"Never" promises Mandela "never, never again will this beautiful land experience the oppression of one by another ... let freedom reign."

At the end of the ceremony, white South African Air Force officers salute their new black president with the traditional warplane fly-past. More symbolism. Very important symbolism.

A billion people around the world watch on TV.

I watch.

And weep.

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A couple of years later, His Excellency President Mandela, winner of the Nobel Peace Prize, the Lenin Peace Prize, the US Presidential Medal of Freedom, Britain's Order of Merit, honourary citizen of Canada, along with some one hundred other awards and honours, is to make an important speech to the international news media.

Correspondents from the world's most powerful newspapers, magazines and broadcast networks gather together in jovial splendour in the ballroom of Johannesburg's Carlton Hotel.

Excellent South African wines and brandies. Much backslapping and toasting and versions of "... haven't seen you since Saigon/Sarajevo/Mogadishu/ Beijing/Paris/Lubumbashi!"

I'm back in South Africa to do more TV journalism training at the SABC. A colleague from long-ago days on the Sunday Express and I chat idly about the famed and mysterious "Madiba Magic" when I notice people heading toward the elevators, excuse myself, wander over to investigate.

Half a dozen of my very white and very important international colleagues are lining up in formal reception committee mode.

Out of the hotel elevator to their left come four very black, very large, very tough-looking men in tight dark suits and dark, mirrored sunglasses. Like synchronized dancers, they glare left, at a cluster of hotel maids waiting for the service elevator, then right, at the international journalists' reception committee.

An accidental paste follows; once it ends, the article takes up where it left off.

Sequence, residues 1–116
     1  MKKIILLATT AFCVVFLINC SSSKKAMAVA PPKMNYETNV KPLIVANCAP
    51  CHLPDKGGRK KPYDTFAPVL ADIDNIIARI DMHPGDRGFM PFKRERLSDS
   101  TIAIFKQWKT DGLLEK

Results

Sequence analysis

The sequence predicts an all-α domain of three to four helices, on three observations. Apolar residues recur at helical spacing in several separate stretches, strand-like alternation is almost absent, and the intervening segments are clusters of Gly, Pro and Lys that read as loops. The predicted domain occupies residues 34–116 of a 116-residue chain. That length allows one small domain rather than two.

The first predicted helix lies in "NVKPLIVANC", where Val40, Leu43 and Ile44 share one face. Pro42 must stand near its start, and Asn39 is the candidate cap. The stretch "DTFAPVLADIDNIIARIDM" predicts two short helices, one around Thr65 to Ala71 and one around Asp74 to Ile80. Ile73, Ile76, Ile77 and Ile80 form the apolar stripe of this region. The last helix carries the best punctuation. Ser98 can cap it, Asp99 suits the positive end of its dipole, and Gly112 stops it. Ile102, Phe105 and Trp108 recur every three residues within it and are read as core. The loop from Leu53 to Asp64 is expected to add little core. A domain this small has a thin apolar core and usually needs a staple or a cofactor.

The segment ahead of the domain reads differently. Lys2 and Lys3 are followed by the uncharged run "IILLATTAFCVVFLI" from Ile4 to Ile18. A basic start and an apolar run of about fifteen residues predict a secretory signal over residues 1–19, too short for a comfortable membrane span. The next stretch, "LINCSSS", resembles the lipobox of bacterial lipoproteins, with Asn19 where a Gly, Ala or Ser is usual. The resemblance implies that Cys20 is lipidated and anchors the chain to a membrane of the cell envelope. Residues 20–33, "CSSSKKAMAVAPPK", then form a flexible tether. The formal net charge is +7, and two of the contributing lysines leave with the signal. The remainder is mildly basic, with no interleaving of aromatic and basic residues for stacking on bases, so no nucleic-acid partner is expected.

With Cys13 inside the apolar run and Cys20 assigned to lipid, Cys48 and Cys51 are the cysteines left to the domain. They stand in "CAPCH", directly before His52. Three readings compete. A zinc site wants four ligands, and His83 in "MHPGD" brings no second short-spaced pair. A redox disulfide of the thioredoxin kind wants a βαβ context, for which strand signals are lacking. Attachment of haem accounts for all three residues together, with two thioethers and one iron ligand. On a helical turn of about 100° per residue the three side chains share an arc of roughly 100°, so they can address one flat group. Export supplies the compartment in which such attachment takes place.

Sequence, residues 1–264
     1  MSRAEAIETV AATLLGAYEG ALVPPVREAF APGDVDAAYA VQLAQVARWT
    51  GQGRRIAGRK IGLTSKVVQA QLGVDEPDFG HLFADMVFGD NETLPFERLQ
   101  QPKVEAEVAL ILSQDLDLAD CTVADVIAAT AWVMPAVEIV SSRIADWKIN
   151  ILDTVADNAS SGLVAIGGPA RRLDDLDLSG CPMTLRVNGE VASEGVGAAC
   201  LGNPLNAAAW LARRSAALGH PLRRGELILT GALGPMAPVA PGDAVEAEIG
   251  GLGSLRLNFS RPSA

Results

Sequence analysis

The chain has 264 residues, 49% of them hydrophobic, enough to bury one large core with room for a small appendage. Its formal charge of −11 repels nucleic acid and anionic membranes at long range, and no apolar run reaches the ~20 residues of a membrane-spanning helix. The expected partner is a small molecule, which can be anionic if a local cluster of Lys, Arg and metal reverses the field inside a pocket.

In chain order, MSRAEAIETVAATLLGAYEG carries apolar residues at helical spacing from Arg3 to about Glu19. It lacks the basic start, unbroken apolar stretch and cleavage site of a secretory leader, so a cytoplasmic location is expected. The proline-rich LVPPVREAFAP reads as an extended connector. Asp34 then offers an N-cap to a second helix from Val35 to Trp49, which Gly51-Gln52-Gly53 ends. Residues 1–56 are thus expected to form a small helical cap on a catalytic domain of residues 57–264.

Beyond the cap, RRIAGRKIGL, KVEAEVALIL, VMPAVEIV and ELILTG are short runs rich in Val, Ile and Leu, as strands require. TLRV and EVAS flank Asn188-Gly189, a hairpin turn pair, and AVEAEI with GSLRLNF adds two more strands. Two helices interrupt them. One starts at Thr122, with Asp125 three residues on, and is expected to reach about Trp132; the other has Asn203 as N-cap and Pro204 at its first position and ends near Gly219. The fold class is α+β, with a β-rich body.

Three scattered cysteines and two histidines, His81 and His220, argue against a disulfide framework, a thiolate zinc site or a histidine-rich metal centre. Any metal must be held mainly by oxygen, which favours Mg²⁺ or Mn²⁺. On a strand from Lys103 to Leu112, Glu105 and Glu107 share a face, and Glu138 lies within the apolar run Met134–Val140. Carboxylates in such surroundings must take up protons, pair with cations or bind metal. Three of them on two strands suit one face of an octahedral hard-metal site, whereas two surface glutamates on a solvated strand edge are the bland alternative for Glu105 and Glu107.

Left again. Right again.

His Excellency, the President of South Africa, strolls out of the elevator.

Instead of turning right to the waiting reception committee of very important international journalists, the president of South Africa turns left and, smiling, makes a detour to the maids.

One by one he shakes hands and chats. And one by one the maids curtsey and giggle and try to answer his questions. And curtsey and giggle again.

And it's only when he's finished chatting with the curtseying, giggling Carlton Hotel maids that His Excellency the President of South Africa, turns and walks over to the very important international journalists standing in a line, waiting to greet him.

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It's July 18, 2001, and I'm back in Johannesburg for yet another training workshop with SABC journalists.

This day is former president Nelson Mandela's eighty-third birthday.

The SABC Morning Live crew and I are invited to his Johannesburg home to broadcast early morning birthday celebrations.

It's not early for Mandela, of course. He's already been up since 4.30 a.m. and exercised for an hour. It's a routine he picked up in prison and can't break.

Interviewed by one of the Morning Live anchors, he's charming, courteous and generous. But there's always that hint of steel, particularly when his causes -- racism, children, poverty -- come up.

Asked about his health, he says he's doing fine, doesn't mention that he's just been diagnosed with prostrate cancer. Again.

After the cameras turn off, Mandela and I talk briefly. I stumble around for the right things to say to this man who almost singlehandedly saves South Africa from a bloody race war.